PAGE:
It wasn’t that the theory was pointless. Some of it was quite interesting. It was just that it didn’t have anything to do with writing. That is the main point I want to make. University creative writing courses are great if you have an intellectual interest in literary theory. If you enjoy reading Jacques Derrida and Edward Said … go for it. If on the other hand you are more artistically inclined and want to learn how to tell stories, give them a wide berth.
I finished my MA in creative writing buried under a pile of incomprehensible literary theory. I read for a doctorate, partly to rid myself of the curse of Post-Structuralist theory forever and partly to work out whether it was actually possible to teach people how to write.
How do you, then, learn to write?
The first question I asked myself was: How in the past had writers learnt to write? I discovered that with the advent of printing they copied and stole each other’s stories and storylines: Chekhov copied Turgenev, Mansfield copied Chekhov. Literally copied. Taking whole stories and re-writing them sentence by sentence in their own words. Prior to the printing press, in the age of Renaissance rhetoric they apprenticed themselves to a master and learnt by watching and listening.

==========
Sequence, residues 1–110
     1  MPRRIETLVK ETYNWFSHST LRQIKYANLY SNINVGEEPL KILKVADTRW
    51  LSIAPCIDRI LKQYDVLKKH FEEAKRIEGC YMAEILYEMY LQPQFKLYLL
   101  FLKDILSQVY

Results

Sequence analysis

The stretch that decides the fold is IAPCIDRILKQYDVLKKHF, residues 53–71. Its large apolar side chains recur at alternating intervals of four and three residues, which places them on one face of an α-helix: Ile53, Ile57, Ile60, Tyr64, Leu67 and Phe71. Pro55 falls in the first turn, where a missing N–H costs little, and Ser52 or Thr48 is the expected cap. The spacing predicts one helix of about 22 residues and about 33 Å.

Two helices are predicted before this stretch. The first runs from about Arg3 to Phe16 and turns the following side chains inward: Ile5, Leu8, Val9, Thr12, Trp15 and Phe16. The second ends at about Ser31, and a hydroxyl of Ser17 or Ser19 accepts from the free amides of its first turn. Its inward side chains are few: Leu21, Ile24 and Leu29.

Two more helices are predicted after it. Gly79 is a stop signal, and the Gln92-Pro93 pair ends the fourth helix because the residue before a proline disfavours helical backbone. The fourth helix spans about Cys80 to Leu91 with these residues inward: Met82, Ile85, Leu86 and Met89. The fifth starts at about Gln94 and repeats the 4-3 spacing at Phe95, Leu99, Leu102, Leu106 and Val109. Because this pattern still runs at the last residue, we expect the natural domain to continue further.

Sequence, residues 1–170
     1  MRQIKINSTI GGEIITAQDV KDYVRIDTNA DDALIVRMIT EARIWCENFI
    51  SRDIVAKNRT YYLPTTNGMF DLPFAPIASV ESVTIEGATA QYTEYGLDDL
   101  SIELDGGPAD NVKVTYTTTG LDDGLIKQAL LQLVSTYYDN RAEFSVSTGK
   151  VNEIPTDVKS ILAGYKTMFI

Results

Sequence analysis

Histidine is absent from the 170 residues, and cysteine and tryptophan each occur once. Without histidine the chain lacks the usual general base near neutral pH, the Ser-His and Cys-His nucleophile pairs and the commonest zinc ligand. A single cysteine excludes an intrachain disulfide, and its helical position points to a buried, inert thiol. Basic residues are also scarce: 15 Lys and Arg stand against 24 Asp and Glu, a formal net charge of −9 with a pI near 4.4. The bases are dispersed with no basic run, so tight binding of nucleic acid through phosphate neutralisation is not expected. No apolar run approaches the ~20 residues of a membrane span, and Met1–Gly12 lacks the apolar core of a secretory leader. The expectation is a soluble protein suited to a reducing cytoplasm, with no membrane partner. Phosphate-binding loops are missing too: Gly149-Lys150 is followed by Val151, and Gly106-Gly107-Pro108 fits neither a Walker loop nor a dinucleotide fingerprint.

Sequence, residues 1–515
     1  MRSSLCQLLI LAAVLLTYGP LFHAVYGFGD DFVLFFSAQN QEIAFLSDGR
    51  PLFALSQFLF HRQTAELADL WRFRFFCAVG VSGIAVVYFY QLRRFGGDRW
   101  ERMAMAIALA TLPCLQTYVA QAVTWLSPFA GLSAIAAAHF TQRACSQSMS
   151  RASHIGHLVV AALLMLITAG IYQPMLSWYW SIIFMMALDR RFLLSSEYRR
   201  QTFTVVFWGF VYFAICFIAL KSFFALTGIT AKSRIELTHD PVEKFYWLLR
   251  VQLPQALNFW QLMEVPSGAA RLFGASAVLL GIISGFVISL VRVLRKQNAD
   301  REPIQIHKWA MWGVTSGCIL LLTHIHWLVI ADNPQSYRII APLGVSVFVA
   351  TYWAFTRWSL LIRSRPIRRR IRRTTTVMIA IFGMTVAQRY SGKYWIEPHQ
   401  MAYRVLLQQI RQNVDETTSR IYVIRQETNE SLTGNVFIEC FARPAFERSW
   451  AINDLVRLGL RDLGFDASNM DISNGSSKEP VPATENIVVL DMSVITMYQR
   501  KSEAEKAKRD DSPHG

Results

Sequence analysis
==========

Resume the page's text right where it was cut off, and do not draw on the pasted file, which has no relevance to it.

More recently, we have learned to write in other ways. Schools and colleges have taken over from the process of auto-didacticism. In the 1930’s and 40’s creative writing was encouraged in American and English universities as an extra-curricular activity. During the post-war consensus in the 50’s and 60’s, English became a popular subject. New, exciting working-class voices were finding their way into print and students flocked to universities to read the novel: the great book of life.
But English became a victim of its own success. Academics are only human and the popularity of literary studies caused a rush of blood to the brain. English departments all over America and Europe felt they were at the centre of intellectual debate and developed their own schools of critical theory, vying with each other for intellectual ascendency.
The result was an intellectual omnishambles of irreconcilable ideas that puts the Tower of Babel to shame. Along with the introduction of fees for students, the 80’s and 90’s saw a decline in applications to English departments.
The reality of Creative Writing in Higher Education
Creative Writing at the time was being taught on the fringes of academia, in local bookshops, community organisations, continuing education, the Workers Educational Association etc. but not in mainstream universities. Faced with a slump in the popularity of their subject, English academics held their noses and let the creative writing tutors in. Management, keen to keep the tills ringing supported the move and began to cram writers onto their courses.
I’ve met many people, who in the last twenty years have applied for university creative writing courses and been bitterly disappointed. Arriving at universities to find 30-40 (I once heard of 60) students in a seminar, packed into lectures with English students, being taught be academics with no understanding of creative writing.